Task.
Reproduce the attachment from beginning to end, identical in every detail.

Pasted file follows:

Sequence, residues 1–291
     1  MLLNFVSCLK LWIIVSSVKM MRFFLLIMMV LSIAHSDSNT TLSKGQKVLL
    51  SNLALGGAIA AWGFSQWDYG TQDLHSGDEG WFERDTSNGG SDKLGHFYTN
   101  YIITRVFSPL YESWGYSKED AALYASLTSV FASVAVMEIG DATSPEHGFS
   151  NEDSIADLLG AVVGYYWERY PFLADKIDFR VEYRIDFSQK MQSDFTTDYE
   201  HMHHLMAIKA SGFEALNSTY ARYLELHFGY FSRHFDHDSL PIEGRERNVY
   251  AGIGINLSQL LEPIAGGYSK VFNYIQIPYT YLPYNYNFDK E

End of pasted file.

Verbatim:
Sequence, residues 1–291
     1  MLLNFVSCLK LWIIVSSVKM MRFFLLIMMV LSIAHSDSNT TLSKGQKVLL
    51  SNLALGGAIA AWGFSQWDYG TQDLHSGDEG WFERDTSNGG SDKLGHFYTN
   101  YIITRVFSPL YESWGYSKED AALYASLTSV FASVAVMEIG DATSPEHGFS
   151  NEDSIADLLG AVVGYYWERY PFLADKIDFR VEYRIDFSQK MQSDFTTDYE
   201  HMHHLMAIKA SGFEALNSTY ARYLELHFGY FSRHFDHDSL PIEGRERNVY
   251  AGIGINLSQL LEPIAGGYSK VFNYIQIPYT YLPYNYNFDK E